Birds Of Southern California

Willow Flycatcher (Empidonax traillii)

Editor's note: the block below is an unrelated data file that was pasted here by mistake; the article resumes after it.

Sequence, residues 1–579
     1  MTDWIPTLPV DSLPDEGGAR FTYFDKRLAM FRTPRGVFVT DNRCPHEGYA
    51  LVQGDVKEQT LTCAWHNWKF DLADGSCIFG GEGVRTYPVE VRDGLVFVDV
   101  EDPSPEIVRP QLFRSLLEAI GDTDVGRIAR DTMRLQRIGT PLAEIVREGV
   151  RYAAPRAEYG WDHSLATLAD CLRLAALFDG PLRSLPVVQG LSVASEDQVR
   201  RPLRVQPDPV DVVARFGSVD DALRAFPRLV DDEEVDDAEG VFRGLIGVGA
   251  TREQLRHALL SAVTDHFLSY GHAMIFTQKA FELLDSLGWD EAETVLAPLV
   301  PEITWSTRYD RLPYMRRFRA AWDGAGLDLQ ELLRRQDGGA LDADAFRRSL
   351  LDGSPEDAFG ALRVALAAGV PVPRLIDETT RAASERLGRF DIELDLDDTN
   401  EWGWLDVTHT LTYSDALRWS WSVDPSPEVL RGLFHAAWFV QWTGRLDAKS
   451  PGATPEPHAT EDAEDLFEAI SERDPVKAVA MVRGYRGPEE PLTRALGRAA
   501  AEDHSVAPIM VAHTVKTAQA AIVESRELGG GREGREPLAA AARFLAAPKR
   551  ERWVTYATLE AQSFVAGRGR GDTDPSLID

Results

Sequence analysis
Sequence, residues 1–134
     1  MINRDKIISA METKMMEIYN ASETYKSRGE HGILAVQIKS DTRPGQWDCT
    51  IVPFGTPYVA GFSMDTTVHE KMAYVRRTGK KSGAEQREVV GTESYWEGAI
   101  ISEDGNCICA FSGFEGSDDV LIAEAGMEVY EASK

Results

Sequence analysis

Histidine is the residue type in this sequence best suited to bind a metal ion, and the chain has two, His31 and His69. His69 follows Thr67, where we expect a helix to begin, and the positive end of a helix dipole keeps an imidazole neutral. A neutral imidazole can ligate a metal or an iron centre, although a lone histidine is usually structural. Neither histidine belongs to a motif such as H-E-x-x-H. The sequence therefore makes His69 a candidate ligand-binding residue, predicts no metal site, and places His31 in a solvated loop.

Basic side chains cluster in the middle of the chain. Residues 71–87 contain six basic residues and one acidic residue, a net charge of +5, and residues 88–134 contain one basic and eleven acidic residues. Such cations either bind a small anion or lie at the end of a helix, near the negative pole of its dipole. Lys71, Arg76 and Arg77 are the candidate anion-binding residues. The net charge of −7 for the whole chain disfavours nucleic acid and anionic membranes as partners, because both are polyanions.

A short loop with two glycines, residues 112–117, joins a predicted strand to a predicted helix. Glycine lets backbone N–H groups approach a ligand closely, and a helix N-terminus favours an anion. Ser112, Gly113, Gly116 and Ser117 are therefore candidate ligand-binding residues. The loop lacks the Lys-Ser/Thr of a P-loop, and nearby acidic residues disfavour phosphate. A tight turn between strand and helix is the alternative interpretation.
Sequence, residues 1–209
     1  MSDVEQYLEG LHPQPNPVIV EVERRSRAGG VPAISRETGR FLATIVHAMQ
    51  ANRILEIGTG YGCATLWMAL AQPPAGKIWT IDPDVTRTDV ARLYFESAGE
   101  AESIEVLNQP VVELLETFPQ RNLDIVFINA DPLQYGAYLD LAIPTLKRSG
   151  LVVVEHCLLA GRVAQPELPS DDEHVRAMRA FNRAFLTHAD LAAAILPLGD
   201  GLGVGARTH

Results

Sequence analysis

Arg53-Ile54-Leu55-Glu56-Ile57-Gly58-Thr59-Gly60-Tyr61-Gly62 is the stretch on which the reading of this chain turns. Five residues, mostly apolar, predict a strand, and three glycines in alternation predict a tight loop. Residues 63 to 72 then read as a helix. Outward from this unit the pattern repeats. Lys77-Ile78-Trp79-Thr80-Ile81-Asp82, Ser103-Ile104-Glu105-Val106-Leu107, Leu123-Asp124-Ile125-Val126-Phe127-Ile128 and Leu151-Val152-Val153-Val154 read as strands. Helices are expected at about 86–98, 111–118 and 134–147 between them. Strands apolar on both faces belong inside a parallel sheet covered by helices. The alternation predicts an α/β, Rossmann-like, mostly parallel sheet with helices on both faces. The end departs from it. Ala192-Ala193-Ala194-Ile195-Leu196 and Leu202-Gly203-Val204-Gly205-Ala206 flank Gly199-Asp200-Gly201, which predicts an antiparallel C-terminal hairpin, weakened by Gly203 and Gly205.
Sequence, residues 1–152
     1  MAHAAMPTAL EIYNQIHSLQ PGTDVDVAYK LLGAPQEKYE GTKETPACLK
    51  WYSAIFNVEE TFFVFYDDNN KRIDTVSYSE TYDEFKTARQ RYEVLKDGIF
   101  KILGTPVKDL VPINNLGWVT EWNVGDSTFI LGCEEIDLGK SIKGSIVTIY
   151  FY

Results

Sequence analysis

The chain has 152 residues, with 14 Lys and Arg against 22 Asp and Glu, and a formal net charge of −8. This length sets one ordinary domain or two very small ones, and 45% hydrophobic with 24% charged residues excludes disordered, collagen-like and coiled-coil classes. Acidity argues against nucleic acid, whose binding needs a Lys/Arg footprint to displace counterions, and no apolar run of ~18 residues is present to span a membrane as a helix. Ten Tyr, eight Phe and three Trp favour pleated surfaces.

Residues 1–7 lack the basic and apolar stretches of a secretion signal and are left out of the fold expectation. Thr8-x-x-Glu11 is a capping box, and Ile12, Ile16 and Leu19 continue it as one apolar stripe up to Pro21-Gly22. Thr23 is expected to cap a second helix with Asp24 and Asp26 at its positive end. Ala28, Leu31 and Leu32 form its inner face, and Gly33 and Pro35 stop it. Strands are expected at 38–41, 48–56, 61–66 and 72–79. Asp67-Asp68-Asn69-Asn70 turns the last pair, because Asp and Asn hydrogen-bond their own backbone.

The Willow Flycatcher is typically a May arrival here in Orange County and when compared against other similar flycatchers such as the Pacific-slope, Gray, Dusky and Least, the Willow Flycatcher has an indistinct white eye ring. It is similar to the Western Wood-Pewee and the time frames of their presence in Orange County overlap however the Western Wood-Pewee is in fact larger in size and their calls are quite different. Here's more from Wikipedia: The willow flycatcher (Empidonax traillii) is a small insect-eating, neotropical migrant bird of the tyrant flycatcher family. There are four subspecies of the willow flycatcher currently recognized, all of which breed in North America (including three subspecies which breed in California). Empidonax flycatchers are almost impossible to tell apart in the field so biologists use their songs to distinguish between them.] The binomial commemorates the Scottish zoologist Thomas Stewart Traill. Adults have brown-olive upperparts, darker on the wings and tail, with whitish underparts; they have an indistinct white eye ring, white wing bars and a small bill. The breast is washed with olive-gray. The upper part of the bill is gray; the lower part is orangish. At one time, this bird and the alder flycatcher (Empidonax alnorum) were considered to be a single species, Traill's flycatcher. The willow and alder flycatchers were considered the same species until the 1970s. Their song is the only reliable method to tell them apart in the field. Their breeding habitat is deciduous thickets, especially willows and often near water, across the United States and southern Canada. They make a cup nest in a vertical fork in a shrub or tree. These neotropical birds migrate to Mexico and Central America, and in small numbers as far south as Ecuador in South America, often selecting winter habitat near water. Willow flycatchers travel approximately 1,500–8,000 km (930–4,970 mi) each way between wintering and breeding areas.[7] They wait on a perch near the top of a shrub and fly out to catch insects in flight, also sometimes picking insects from foliage while hovering. They may eat some berries. This bird's song is a sneezed fitz-bew. The call is a dry whit. This bird competes for habitat with the alder flycatcher where their ranges overlap. More on wikipedia here: